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Ambassador Santorum?

December 5, 2006 |  4:32 pm

     Rick Santorum for U.S. representative to the U.N.? It isn’t just National Review Online that’s floating the possibility.

    To his fans, the soon-to-be-ex-senator from Pennsylvania is doubly qualified to succeed John Bolton, with or without confirmation by the incoming Democratic Senate. First, as he demonstrated not wisely but too well in his losing re-election campaign, Santorum is even more fervent than Bush opposing to Iran and “Islamic fascism.” Then there is the potential Third World appeal of the "compassionate conservative" who was canonized during the campaign by New York Times columnist David Brooks.

 

There is a precedent for a senator to be repudiated by the voters and then clasped to the bosom of the executive branch. Remember John Ashcroft, who was named attorney general by Bush after being losing his Missouri Senate seat in 2000 to the deceased Mel Carnahan? (Santorum at least was beaten by a live Democrat.)

   

   One nightmare scenario for liberals: Octogenarian Justice John Paul Stevens finally tires of the Supreme Court, Bush plays the Hispanic card (it worked once) and nominates Attorney General Alberto Gonzales to succeed Stevens, forcing the Democratic-controlled Senate either to confirm the first Hispanic justice or re-fight Guantanamo and the war on terror. Then Santorum is appointed to succeed Gonzales at Justice.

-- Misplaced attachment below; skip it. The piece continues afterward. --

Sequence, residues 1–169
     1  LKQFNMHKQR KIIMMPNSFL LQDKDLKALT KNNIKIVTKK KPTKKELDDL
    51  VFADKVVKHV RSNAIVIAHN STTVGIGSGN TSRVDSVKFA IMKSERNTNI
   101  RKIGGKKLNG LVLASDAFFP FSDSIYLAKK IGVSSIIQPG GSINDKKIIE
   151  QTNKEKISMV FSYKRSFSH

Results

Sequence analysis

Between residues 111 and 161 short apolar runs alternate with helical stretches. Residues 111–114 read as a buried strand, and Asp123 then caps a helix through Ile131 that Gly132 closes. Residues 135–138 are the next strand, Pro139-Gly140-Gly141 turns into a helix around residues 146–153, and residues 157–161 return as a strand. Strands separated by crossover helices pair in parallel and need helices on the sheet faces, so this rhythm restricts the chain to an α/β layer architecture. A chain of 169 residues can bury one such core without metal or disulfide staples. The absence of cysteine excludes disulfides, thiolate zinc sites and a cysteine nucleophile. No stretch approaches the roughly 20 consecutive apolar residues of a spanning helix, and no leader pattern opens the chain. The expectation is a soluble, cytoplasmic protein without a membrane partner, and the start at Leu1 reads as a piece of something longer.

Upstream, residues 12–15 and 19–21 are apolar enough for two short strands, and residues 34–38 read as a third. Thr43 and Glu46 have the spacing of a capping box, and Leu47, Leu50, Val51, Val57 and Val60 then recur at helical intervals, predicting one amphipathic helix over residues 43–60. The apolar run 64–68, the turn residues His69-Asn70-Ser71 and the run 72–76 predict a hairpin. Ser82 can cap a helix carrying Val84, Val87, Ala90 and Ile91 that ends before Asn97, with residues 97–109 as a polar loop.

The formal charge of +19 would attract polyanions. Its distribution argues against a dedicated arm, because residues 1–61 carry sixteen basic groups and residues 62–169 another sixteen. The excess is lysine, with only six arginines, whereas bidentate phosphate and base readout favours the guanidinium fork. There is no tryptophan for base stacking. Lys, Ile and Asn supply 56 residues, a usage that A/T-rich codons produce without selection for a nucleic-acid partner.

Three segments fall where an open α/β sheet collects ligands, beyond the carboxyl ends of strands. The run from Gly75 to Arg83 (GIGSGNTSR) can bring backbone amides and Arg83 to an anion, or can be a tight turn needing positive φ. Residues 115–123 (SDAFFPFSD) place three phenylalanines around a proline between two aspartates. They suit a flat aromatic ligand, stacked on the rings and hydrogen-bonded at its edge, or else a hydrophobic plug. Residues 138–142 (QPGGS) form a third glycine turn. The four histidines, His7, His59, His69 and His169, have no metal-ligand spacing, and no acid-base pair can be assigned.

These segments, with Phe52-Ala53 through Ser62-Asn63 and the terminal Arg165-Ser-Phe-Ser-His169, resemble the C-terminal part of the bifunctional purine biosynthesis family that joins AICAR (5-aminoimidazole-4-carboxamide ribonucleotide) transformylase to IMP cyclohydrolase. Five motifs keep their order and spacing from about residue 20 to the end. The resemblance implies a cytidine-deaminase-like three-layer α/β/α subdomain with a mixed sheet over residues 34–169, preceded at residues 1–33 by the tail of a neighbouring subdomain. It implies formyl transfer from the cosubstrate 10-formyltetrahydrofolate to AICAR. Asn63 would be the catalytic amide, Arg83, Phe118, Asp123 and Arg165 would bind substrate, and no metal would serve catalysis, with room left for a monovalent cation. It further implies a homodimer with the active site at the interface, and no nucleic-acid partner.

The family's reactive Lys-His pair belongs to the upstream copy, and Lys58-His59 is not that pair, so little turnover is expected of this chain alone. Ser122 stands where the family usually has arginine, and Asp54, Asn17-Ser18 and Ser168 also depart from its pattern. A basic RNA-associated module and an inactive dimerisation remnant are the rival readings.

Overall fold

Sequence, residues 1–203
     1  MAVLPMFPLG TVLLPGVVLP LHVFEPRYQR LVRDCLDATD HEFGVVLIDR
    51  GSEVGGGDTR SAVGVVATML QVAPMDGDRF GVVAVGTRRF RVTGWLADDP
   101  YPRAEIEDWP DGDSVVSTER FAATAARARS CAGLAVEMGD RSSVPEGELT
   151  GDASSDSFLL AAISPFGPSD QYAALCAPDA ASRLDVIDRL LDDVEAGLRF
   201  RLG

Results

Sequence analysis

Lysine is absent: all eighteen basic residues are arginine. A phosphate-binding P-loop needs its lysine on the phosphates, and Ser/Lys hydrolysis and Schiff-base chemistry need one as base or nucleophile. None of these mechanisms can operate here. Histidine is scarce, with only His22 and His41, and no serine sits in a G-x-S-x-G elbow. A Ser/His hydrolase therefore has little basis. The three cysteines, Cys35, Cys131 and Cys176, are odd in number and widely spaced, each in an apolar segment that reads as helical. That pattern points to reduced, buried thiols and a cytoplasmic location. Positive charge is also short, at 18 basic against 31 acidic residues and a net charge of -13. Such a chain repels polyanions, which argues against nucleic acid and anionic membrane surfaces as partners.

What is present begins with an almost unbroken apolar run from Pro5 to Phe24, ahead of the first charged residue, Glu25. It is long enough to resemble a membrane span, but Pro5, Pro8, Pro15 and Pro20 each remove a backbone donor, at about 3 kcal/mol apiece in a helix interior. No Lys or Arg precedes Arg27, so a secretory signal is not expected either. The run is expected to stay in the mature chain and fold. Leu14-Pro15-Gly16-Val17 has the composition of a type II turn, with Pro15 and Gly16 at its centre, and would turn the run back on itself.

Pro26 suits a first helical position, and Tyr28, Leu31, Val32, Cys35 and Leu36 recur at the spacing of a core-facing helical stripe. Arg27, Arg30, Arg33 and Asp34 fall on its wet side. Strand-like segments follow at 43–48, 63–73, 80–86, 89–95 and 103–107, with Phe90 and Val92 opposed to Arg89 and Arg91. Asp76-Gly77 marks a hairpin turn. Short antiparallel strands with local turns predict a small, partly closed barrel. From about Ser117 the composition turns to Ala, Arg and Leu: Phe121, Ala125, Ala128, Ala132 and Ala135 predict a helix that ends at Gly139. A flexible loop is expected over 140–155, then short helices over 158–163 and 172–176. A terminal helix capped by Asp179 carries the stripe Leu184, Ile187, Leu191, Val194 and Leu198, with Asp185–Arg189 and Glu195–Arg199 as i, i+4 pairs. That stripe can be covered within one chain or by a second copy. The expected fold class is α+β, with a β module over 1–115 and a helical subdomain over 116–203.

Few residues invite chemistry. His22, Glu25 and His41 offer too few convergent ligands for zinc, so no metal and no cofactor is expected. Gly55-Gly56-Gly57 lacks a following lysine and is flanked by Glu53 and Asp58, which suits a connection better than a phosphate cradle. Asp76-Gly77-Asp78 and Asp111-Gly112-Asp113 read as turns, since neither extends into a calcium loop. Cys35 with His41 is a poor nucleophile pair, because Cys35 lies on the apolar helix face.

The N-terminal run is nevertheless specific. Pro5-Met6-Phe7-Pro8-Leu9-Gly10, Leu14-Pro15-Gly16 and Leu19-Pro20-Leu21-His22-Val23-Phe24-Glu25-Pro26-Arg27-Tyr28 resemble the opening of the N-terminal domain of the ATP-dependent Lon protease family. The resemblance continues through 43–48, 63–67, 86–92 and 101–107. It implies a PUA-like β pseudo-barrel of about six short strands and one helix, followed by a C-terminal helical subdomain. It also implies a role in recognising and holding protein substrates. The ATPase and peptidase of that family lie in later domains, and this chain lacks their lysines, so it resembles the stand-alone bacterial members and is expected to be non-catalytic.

But Santorum, a visitor to Terri Schiavo’s hospice and a featured attraction at “Justice Sunday,” might be too radioactive a pick for attorney general. A U.N. posting, by contrast, would allow him to rant for export, out-Boltoning Bolton on Iran, while vindicating David Brooks’ hagiography with conspicuous outreach to African victims of AIDS and genocide.

 

   Presumably this father of six would earn more on the faith-and-values lecture circuit than he would as an attorney general or ambassador. But preaching to the Justice Sunday choir wouldn’t do much to efface Santorum’s image as a conservative culture warrior. By contrast, lecturing tyrants about democracy and Darfur – subjects not likely to lead to a discussion of “man on dog” sex -- could help Santorum reinvent himself.

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